The premise of Selling Sunset is delightfully simple: conventionally beautiful women sell multi-million dollar houses whilst engaging in frivolous drama with each other. The show, whose second season dropped on Netflix last month, follows the professional endeavours and personal tribulations of the employees of the Oppenheim Group, a renowned real estate brokerage in Los Angeles. Jason and Brett, the two muscly, commitment-phobic bachelors who founded the company (and also happen to be identical twins), supervise a team of seven perpetually sophisticated, tirelessly ambitious, and occasionally bitchy women.
Although watching pretty women be good at their jobs can be entertaining (as well as a significant step-up from being merely pretty), watching them bicker over the most insignificant stuff is what undeniably holds the most appeal. In classic reality TV fashion, Selling Sunset provides its fair share of nonsensical drama – often instigated or bolstered by Christine, the long-legged, feisty blonde who constantly apologises for her mistakes but routinely fails to learn from them.
In the first season, misplaced curiosity about Mary’s supposedly penniless French boyfriend – who had the audacity of proposing with a diamond-less ring – was the spark that ignited a major fight between Christine and newly-recruited Chrishell, casting a cloud of interpersonal hostility over the office. The tension continued into the latest installment of the series, before it was eclipsed by another, similar drama which involved Christine directly, sparing her the effort of inserting herself. This season’s central plot point boiled down to a passing comment about a purported ‘overlap’ between Christine and her fiancé’s ex, which accounted for most of the tears, passive-aggressive comments, and theatrical exits occurring over the eight episodes.
The constant falling out and making up, the countless shots of cast members rolling their eyes at each other, the persistent “can I pull you aside for a chat?” are all hallmarks of compelling reality TV. That Selling Sunset would provide those tropes is expected. But what is surprising, and welcomed, is that it doesn’t try to elevate them. Refreshingly, the series doesn’t try to ascribe deeper meaning to something that has none, thereby avoiding going down the self-defeating route taken by other shows. Too Hot To Handle, for instance, bafflingly, and unsuccessfully, tried to add depth to an ostensibly shallow premise – conventionally attractive people trying to resist temptation – by making it about a nebulous notion of “self-discovery”.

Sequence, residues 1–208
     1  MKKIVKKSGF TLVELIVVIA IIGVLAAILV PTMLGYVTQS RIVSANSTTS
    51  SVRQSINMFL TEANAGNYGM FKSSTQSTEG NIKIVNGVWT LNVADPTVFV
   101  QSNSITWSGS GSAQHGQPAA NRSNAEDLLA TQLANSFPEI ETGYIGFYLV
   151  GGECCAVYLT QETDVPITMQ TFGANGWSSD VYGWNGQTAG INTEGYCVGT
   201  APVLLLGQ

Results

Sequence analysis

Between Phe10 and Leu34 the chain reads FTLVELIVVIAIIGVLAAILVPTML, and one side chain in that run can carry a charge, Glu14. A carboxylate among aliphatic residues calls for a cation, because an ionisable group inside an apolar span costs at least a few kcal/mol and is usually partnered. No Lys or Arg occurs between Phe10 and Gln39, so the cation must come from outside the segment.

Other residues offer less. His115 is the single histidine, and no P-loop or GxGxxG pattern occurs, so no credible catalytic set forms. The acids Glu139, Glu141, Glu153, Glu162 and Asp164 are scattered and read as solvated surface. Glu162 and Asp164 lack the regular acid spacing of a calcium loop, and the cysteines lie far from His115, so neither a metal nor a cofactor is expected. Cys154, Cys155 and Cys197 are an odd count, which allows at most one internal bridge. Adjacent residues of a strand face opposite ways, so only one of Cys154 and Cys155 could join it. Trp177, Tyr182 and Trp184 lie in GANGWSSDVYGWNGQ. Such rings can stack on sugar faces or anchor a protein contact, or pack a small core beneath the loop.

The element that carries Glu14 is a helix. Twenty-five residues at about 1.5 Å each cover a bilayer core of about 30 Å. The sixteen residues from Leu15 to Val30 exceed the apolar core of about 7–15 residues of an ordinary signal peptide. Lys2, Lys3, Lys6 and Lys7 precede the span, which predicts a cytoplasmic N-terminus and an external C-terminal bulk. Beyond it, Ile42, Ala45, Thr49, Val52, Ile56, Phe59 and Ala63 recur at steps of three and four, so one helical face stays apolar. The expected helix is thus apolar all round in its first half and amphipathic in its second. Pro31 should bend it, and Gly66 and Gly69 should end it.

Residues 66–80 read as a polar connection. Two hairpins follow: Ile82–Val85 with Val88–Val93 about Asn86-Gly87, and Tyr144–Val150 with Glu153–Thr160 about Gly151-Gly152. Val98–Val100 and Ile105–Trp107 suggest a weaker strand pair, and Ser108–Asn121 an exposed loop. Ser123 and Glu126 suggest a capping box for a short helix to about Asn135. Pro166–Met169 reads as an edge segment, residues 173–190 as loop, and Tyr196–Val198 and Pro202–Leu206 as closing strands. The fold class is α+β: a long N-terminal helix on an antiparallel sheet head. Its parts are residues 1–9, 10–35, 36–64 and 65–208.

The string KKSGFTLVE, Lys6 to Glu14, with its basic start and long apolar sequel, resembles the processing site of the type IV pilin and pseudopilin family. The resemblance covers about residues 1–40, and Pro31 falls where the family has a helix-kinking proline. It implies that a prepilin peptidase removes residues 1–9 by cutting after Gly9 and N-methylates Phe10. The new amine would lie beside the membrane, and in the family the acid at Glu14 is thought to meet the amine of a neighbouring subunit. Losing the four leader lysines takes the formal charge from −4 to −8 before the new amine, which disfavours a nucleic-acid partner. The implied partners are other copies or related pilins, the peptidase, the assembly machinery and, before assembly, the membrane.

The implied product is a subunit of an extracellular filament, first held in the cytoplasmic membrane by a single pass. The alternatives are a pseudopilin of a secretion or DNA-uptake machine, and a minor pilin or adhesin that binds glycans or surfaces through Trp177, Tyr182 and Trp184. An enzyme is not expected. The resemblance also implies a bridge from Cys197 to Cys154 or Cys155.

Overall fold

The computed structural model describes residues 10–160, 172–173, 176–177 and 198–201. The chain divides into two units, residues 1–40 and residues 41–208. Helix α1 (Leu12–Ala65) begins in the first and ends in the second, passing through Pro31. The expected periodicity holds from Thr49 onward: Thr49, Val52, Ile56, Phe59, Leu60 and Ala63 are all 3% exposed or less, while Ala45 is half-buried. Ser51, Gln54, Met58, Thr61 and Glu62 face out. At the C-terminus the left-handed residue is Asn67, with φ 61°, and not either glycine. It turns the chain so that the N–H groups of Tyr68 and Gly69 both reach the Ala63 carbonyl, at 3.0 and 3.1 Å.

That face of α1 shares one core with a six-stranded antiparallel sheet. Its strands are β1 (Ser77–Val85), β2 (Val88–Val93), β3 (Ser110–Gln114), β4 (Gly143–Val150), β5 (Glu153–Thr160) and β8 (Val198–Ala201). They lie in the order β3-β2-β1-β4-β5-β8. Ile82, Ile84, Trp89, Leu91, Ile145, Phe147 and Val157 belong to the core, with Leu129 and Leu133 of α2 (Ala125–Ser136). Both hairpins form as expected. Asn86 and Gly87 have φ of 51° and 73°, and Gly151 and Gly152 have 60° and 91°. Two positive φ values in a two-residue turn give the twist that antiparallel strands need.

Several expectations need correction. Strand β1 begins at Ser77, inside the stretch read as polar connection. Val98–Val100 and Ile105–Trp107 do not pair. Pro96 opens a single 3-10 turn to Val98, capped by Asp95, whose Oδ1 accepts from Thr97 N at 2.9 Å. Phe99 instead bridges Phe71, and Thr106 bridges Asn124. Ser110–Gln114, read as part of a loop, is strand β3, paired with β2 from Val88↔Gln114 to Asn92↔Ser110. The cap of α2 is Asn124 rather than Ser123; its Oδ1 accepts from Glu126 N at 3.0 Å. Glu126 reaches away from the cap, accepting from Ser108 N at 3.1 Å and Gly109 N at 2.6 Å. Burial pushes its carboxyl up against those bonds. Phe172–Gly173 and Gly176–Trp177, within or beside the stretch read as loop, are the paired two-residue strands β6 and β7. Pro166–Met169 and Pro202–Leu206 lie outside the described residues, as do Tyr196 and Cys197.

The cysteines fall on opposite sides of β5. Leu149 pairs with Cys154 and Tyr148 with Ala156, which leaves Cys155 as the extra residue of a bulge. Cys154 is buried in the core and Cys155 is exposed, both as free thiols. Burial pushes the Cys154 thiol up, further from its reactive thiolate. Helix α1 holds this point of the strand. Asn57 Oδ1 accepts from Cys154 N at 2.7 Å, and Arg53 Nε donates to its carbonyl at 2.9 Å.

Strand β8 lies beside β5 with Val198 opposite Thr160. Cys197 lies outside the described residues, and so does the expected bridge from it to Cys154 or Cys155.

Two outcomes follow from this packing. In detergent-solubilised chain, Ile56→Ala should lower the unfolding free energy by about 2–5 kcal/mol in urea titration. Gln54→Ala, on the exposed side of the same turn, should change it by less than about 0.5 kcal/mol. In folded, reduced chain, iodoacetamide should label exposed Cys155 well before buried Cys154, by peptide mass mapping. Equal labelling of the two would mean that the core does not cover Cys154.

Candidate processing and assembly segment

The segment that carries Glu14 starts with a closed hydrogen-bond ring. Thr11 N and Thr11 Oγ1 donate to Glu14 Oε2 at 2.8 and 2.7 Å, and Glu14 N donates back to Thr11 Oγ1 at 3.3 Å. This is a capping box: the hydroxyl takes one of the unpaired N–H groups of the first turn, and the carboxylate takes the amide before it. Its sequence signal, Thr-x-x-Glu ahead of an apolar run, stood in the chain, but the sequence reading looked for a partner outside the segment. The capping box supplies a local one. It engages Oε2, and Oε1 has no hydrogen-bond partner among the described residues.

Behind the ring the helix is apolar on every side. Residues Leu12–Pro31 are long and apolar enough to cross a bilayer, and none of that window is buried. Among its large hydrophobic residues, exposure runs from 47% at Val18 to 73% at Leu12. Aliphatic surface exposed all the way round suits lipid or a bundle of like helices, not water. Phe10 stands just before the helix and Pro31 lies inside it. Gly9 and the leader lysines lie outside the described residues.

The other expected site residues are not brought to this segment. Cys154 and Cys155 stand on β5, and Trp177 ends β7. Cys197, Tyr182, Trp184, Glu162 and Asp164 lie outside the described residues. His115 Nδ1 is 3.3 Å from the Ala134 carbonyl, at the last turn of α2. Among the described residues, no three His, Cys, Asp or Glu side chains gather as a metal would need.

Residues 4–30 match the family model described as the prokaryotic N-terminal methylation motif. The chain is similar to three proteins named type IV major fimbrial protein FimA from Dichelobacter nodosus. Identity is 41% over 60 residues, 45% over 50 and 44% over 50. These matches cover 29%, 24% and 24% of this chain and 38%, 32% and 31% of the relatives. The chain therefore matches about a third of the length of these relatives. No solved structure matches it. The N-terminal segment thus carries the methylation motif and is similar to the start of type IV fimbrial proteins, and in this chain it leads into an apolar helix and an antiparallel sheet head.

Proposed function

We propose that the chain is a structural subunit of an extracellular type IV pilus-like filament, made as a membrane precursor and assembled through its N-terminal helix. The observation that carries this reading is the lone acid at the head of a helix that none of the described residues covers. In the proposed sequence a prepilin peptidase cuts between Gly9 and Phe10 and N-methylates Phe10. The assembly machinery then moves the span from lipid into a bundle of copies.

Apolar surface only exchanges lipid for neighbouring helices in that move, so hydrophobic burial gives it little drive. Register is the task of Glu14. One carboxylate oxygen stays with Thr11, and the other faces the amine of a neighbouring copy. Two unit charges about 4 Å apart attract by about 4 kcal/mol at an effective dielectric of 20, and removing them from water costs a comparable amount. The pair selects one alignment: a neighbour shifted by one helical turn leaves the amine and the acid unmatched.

Selling Sunset doesn’t attempt anything of the sort. It is shameless in its depiction of obscene wealth, and doesn’t atone for it by giving a bigger purpose to the process of acquiring and selling real estate. Aerial shots of luxurious mansions and club music – with recurring lyrical themes of empowerment, opulence and glee – open the majority of the scenes, plunging the viewer in an atmosphere of unbridled, carefree abundance.
Yes, Selling Sunset is ostensibly, and exclusively, about rich people buying high-end properties, and that may seem jarring to viewers whose lives are defined, now more than ever, by severe wealth disparities. But the show has the decency of not presenting the pursuit of luxury as a virtuous or meaningful endeavour, saving it from being glaringly tone-deaf and brazenly out-of-touch. By avoiding the trap of spewing inspirational platitudes as a stand-in for sensitively addressing the social context in which it exists – instead doing neither – the show manages to remain genuinely enjoyable throughout.
However, the show’s reluctance to be aware of its social context, beyond simply the outrageous Californian affluence it unabashedly portrays, could also be considered a shortcoming. Would it do the series any good to explore its gender, class and racial dynamics? Whilst the first season dabbled in it – an unwanted sexual advances storyline and a conversation surrounding Chrishell’s experience of homelessness during childhood – season two steers clear of such topics completely. The fact that the new recruit Amanza is the only woman of colour in the office, highlighting how white the real estate industry is, is not addressed at all.
This in turn begs the question: what do we want from our reality TV? The entertainment we consume can never be separated from the social, political and economic circumstances in which it is embedded, but do we want or need shows to recognise those circumstances and consider their impact? I’d argue that whilst a total lack of acknowledgment can do a series a great disservice, something that can’t be done well shouldn’t be done at all. The series’ second season did not provide space for important conversations, but maybe it wasn’t the show’s responsibility to do so. Purely escapist entertainment is not meant to be more, and some shows’ attempt to go beyond their remit often rings hollow. Selling Sunset seems to have understood that.
Words by Chloé Meley